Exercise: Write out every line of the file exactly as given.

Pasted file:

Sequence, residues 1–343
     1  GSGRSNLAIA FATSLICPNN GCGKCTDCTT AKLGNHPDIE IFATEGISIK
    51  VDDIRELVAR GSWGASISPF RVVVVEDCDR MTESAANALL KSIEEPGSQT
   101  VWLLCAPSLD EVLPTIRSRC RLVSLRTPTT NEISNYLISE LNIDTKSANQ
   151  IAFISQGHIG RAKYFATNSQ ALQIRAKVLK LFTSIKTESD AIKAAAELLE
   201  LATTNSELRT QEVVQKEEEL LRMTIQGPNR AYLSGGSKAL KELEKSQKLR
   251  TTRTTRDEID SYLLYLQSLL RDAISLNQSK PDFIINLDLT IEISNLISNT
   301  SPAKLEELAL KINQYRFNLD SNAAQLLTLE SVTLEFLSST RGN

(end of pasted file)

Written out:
Sequence, residues 1–343
     1  GSGRSNLAIA FATSLICPNN GCGKCTDCTT AKLGNHPDIE IFATEGISIK
    51  VDDIRELVAR GSWGASISPF RVVVVEDCDR MTESAANALL KSIEEPGSQT
   101  VWLLCAPSLD EVLPTIRSRC RLVSLRTPTT NEISNYLISE LNIDTKSANQ
   151  IAFISQGHIG RAKYFATNSQ ALQIRAKVLK LFTSIKTESD AIKAAAELLE
   201  LATTNSELRT QEVVQKEEEL LRMTIQGPNR AYLSGGSKAL KELEKSQKLR
   251  TTRTTRDEID SYLLYLQSLL RDAISLNQSK PDFIINLDLT IEISNLISNT
   301  SPAKLEELAL KINQYRFNLD SNAAQLLTLE SVTLEFLSST RGN